Our beautiful template for infinite variety of greens and superfoods in your smoothies— print this and eliminate the need for recipes!

get it now for free!

California drought? What’s the answer to increased food costs?

By Robyn Openshaw, MSW | Jul 01, 2014

If you’re following the news, California is in a severe drought which is projected to increase our food prices significantly. Two top ideas radically decrease the cost of your green smoothies and whole-foods lifestyle. One, it’s not too late to significantly decrease the effect of the drought on your family: plant late-summer and fall gardens.

Second, have a freezer to put extra greens in, for the winter, for your smoothies, as well as cut-up peaches when they come on in August. It’s an important investment in your health and preparedness. I like to cube and freeze watermelon to use in a January GSG Detox! (We have two days of kidney detoxification where we eat all watermelon—you can partially thaw frozen watermelon for delicious blended smoothies all day. Your Detox Buddy will be so jealous, so freeze some for her, too.) Then you won’t be at the mercy of lousy-tasting, winter watermelon if you can even get it.

We’ll be doing a live GSG Detox on Aug.1, by the way! More on that soon, but learn more about the GSG Detox and sign up before then, HERE. The average person loses almost 13 lbs. and detoxifies colon, lymph, blood, liver, kidneys and gall bladder so they can serve you with increased efficiency and energy!

I teach you how to garden, in any space, organically, and use everything in your garden deliciously in ways you might not have thought of, in Step 5 of 12 Steps to Whole Foods.

Here is my YouTube video showing my compost boxes, easy to do, and helps you send almost nothing to the landfill, and lets you use your fruit/veggie scraps to nourish your next cycle in your garden!

Here’s another one of me in my garden from long ago, talking about how green smoothies are cheap when you garden!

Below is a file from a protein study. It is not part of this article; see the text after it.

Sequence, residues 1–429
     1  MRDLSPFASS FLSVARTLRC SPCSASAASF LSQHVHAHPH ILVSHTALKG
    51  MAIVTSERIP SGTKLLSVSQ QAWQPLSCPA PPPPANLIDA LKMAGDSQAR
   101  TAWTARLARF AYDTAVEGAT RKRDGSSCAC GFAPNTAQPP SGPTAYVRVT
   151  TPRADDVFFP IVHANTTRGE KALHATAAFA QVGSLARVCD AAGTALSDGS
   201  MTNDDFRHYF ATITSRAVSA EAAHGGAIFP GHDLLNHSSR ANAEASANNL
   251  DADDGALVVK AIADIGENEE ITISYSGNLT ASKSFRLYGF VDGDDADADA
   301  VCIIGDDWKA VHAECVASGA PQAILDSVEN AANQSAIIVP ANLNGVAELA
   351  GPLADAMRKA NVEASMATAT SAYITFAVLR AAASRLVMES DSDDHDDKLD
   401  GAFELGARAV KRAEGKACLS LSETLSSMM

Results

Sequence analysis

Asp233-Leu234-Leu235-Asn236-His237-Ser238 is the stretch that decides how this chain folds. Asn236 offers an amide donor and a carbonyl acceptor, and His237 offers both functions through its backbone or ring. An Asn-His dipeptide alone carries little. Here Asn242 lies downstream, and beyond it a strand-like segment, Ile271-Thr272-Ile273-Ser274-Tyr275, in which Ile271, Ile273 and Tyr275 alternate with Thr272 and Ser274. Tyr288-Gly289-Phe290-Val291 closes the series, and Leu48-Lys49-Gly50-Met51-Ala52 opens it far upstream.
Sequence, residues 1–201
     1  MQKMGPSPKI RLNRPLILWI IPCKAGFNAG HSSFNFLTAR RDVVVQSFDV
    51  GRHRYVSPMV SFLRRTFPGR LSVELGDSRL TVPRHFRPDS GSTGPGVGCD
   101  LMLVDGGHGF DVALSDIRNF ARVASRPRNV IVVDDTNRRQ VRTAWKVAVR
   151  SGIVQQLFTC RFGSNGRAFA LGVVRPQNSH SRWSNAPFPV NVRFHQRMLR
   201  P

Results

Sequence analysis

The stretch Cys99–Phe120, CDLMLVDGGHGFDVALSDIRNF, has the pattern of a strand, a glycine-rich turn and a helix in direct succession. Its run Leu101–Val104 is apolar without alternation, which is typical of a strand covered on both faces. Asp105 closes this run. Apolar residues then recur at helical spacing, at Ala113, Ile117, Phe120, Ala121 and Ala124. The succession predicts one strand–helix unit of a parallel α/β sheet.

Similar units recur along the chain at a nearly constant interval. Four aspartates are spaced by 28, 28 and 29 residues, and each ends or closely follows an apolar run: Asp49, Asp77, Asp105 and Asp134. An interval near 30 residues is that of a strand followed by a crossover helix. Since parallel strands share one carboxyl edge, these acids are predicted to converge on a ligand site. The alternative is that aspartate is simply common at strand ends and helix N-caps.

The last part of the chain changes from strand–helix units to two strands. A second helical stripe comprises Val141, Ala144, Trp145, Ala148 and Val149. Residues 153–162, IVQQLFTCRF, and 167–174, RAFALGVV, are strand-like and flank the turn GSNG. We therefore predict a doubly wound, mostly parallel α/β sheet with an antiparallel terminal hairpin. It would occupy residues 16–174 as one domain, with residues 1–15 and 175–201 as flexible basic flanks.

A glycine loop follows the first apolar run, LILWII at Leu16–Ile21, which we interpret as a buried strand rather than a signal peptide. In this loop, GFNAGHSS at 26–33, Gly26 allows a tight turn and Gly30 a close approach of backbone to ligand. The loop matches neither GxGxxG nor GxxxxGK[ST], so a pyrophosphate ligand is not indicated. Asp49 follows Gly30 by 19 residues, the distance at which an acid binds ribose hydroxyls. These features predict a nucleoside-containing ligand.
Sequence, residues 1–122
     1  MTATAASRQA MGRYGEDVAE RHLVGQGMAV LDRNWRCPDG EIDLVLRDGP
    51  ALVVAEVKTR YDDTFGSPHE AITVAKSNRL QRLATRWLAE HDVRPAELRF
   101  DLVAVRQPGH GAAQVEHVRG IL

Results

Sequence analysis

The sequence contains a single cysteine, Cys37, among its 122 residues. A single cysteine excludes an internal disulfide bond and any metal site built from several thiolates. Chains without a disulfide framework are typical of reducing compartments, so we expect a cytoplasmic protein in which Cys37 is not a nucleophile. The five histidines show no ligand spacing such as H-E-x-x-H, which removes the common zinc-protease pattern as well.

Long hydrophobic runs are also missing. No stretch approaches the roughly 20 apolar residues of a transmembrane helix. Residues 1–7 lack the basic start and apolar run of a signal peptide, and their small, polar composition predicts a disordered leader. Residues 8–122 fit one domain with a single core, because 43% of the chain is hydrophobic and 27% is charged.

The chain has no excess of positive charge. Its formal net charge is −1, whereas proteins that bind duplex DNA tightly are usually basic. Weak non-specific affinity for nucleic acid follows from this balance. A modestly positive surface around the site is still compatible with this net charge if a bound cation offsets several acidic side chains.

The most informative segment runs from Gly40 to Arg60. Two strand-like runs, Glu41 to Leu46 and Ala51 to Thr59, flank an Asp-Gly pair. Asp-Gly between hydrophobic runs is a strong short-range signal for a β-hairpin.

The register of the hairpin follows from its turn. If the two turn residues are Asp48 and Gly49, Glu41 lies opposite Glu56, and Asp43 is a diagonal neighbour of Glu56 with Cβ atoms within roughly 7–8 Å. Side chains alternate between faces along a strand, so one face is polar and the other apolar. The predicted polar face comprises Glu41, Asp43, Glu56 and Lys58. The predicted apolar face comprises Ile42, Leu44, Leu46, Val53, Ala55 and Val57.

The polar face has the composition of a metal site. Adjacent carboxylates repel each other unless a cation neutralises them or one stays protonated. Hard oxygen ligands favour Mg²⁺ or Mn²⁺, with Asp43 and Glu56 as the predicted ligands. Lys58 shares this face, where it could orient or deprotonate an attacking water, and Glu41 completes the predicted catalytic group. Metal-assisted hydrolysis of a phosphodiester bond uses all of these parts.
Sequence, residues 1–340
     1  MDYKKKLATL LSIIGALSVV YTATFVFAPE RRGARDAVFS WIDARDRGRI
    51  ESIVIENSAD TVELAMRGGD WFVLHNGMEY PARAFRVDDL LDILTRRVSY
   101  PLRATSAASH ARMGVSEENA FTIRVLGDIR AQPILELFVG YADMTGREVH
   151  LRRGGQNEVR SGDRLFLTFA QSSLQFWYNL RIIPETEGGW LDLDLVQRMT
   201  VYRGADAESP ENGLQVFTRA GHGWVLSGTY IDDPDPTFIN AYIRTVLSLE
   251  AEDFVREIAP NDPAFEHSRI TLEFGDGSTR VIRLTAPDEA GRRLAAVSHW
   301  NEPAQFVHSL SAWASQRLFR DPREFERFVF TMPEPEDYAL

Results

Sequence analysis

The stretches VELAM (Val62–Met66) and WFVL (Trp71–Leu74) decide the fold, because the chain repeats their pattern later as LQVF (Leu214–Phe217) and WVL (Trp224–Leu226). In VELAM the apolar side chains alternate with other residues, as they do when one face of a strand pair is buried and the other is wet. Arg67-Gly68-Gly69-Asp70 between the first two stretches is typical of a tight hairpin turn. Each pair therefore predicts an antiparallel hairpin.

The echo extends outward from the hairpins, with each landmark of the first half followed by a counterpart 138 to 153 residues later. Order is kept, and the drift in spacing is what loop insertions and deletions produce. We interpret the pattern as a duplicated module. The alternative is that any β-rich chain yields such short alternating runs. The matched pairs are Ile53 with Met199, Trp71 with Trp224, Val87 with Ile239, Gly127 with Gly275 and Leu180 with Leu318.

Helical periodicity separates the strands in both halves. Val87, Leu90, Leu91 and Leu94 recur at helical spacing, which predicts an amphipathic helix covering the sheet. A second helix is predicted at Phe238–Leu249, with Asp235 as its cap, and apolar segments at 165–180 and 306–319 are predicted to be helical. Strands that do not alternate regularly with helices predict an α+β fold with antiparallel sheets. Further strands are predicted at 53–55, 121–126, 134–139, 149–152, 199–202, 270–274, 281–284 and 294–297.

GSG Operations Manager Nikki says she gets free beet greens and turnip greens at a community garden if you volunteer. Her community garden throws out most all the beet and turnip greens, keeping only the vegetable, because people don’t know those greens are great in smoothies!

Just for fun, here’s another older video about how I work with my kids in the kitchen and the garden—nostalgic to see how my now-teenaged youngest kids loved to help me.

Posted in: Gardening, Green Smoothies

3 thoughts on “California drought? What’s the answer to increased food costs?”

Leave a Comment
  1. Sue Nelson says:

    This is Sue Nelson in Ca. I grow my own organic vegetables on my Tower Garden. It uses less water. I simply harvest my veggies off my Tower Garden and use them for green smoothies or salads.

  2. mshilaryd says:

    I live in Virginia, but I wonder if the extensive fracking operations in California have affected the water quality yet (similar to what’s happening in TX and PA (i.e. lighting tap water on fire with a match). Also I know that fracking uses tremendous quantities of water. It seems like a irresponsible thing to do – drought or no drought.

  3. Dick Zipp says:

    Yes, California is in a drought, but the reason most of our reservoir levels are as low as they are is due to the releases of early season storm waters for flood control reasons, not drought. These releases were made to make room for subsequent storm events, which did not materialize. We need to decide whether we want to maximize flood protection or have water available for our use and/or for agriculture. Flood control or food and water, an interesting dilemma.

    Folsom Lake is a reservoir often cited as an example of the severe drought. The reality is the lake could have been full two out of the past three drought years, and at least double the storage going into this past year. With a capacity of about 1,000,000 ac-ft of water, that amount or more was discharged during each or the past three years of severe drought, and most of the discharges occurred early in the water season.

Leave a Reply

Your email address will not be published. Required fields are marked *

This site uses Akismet to reduce spam. Learn how your comment data is processed.